Tasting outside-stylie
3065453748_82d626e4b6_m.jpg

Raminder blowing our budget on yummies (cheese and chutneys and bread... mmmm...)
3064609801_20ddd7a70f_m.jpg

AFTER we have our 26 non-poured-back tastings (BTW, why would you pour your wine out??? But people DID!)
3064618831_205d2044b1_m.jpg

(Has anyone else noticed Raminder gets this half lidded about to fall asleep look when he drinks??)

Cool. So that was the wine tour, and we were DONE drinking wine for AWHILE. Until the next day! We rented bikes, and biked to this great nature reserve where we had an amazing picnic (the food R blew our budget on the day before was very very worth it), and then we peddled over to two more wineries on the way back to our hostel. The pictures follow...

"Pimp"nicking in the Park
3065461306_a7223910d4_m.jpg

Biking under the 'Rocky Mountains" Cape Town style
3065467144_e80e79ec22_m.jpg

Napa would be envious... (but we still love CA best!!)
3064638129_925232814c_m.jpg

Raminder the wine conniseur... obviously
3065481302_f80cf9e4ef_m.jpg

So... then we moved on to Cape Town. We both really love this city. The Indian (warmer) ocean meets the Atlantic (very cold but Raminder still got in to surf for 20 minutes, giving a new definition to the term "shrinkage" I think) ocean. The city has what seems like a really fun night life, the restaurants are good, the vibe is laid back, and the weather has been sunny. While we were here, we caught up on boring stuff like visas for our next countries, but we also went and checked out the boat harbor to see about hopping on a sailboat for either a short or or long ride. We were super lucky and were invited to join the club on their racing night, and were placed on a 54 foot yacht as "crew". This crew placement was based on all of our ocean yacht experience (ahem, or maybe just a sunfish on Lake Ontario). But the people were very nice, and allowed for our incompetence, and we had a wonderful time. The other cool thing about Cape Town: there are penguins! We saw our first penguins when we were sailing, then made a trip down to Boulder Beach in Simon's Town where there were loads of them. Photo exhibit follows:

Some of my new South African friends (should I invite them to Facebook?)
3065487826_091c9a54b6_m.jpg

"You talkin' to ME?"
3064651631_039749d8f3_m.jpg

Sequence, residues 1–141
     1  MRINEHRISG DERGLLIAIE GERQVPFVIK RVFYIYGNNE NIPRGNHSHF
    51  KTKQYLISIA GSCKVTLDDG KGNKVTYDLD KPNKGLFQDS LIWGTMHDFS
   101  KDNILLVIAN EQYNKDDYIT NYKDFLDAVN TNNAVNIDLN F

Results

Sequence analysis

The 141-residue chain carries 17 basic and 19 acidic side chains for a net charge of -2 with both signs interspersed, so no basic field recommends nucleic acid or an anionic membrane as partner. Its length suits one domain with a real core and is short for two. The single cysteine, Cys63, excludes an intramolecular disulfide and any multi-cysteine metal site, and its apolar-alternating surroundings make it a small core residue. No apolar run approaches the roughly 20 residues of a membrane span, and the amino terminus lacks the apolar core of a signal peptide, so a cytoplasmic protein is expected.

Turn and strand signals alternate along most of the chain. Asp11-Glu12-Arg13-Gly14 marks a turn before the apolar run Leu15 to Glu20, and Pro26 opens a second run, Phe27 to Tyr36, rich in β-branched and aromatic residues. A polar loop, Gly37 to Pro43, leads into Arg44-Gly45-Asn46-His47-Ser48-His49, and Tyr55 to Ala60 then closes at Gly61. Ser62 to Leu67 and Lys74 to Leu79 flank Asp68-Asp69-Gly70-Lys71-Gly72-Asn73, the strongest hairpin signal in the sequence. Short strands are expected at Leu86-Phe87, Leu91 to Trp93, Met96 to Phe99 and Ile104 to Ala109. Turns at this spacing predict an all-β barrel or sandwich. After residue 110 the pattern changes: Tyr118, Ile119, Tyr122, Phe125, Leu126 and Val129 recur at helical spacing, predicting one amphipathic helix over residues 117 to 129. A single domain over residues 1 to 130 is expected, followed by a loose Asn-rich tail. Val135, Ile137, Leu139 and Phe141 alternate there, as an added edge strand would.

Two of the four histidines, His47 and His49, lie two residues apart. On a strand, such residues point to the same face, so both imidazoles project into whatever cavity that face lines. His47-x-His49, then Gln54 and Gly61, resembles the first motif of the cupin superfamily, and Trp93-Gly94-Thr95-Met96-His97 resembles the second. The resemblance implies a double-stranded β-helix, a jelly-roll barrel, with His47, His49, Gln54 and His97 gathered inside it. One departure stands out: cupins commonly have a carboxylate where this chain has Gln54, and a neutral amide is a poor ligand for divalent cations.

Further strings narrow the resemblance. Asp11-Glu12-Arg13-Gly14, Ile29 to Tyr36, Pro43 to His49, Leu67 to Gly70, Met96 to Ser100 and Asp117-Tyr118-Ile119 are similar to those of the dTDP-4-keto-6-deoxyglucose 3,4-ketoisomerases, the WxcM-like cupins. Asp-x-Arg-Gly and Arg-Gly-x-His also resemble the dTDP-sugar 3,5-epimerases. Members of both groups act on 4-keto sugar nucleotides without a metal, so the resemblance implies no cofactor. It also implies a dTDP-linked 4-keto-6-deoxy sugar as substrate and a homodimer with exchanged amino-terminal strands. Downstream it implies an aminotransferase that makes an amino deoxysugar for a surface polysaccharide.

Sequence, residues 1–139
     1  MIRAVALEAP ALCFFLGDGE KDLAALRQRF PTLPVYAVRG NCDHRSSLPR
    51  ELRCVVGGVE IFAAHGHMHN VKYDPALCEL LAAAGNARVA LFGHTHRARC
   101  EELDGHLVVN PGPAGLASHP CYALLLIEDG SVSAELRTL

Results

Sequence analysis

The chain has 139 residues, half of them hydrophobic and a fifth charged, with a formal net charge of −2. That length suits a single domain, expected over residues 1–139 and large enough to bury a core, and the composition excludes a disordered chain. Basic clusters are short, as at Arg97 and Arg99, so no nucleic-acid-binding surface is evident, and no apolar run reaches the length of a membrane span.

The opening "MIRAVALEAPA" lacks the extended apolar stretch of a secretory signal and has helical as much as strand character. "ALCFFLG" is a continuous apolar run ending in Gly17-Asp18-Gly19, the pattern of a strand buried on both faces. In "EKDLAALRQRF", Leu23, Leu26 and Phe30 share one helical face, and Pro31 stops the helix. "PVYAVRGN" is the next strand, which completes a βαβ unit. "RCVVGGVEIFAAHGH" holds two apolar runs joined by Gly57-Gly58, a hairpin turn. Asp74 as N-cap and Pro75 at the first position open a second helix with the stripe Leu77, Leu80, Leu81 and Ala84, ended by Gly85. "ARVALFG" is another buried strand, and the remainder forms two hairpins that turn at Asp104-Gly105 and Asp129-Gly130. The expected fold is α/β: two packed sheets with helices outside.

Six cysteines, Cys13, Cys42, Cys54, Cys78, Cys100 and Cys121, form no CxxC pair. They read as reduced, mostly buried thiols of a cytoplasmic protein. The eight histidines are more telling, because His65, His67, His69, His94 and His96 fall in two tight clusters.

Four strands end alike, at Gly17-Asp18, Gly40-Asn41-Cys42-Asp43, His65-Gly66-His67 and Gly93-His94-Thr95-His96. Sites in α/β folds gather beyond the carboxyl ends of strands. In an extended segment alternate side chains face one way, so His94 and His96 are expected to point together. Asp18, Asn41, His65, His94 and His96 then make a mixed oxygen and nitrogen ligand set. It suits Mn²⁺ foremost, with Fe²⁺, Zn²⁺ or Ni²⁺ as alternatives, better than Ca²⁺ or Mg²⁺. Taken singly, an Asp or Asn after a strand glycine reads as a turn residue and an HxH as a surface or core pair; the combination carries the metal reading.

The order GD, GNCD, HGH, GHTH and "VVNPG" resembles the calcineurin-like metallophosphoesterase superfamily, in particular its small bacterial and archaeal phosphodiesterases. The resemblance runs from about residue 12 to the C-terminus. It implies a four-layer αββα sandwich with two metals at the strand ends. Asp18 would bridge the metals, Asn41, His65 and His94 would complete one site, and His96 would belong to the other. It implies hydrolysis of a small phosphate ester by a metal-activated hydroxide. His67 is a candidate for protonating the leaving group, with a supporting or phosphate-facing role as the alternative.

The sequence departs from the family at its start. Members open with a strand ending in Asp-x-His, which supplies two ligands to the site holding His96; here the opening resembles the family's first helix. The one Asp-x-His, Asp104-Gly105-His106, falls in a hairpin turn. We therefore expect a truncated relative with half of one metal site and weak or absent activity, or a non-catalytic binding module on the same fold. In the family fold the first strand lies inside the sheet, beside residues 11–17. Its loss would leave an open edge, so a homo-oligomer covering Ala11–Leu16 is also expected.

The boys hangout
3064655893_2f81df94e9_m.jpg

Another "pimpnick" (is this Tahoe by the sea???)
3064659727_46598cc6d7_m.jpg

Who's the hunk??
3065503446_fe459430a6_m.jpg

Okay, that is just about it. We are leaving for Namibia tomorrow, but have very much loved our trip to South Africa. Even though they need to have special flags to tell you who your swimming companions are...

3064644923_1745e2342c_m.jpg

Posted by thea-min 08:40 Archived in South Africa Comments (1)

South Africa: Down and dirty

Mud, rain, (and some awesome beach time in between)

all seasons in one day
View Our Trip on thea-min's travel map.

So, yes, we are still in South Africa. When we arrived here, originally, we had planned on breezing through and then overlanding up to Kenya. But it is so beautiful here, and there is so much to see, that we have decided to take it slow, instead, and really get to know and fully enjoy this country.

We are currently in Hogsback, a small mountain town that is known for inspiring JRR Tolkein with the Lord of the Ring series (he grew up nearby). We are hiking and soaking up the gorgeous scenery out of a hostel called "Away with the Fairies" (Raminder had qualms about the name, but has been reassured as there are lots of manly men here and "Fairies" apparently really does mean the mythical flying creatures not, well...) Anywho, we are camping here, as we have been doing for about half the time so far in S. Africa. The hostels actually have campsites set up, and this costs about 1/2 the price of a room. So we are happy!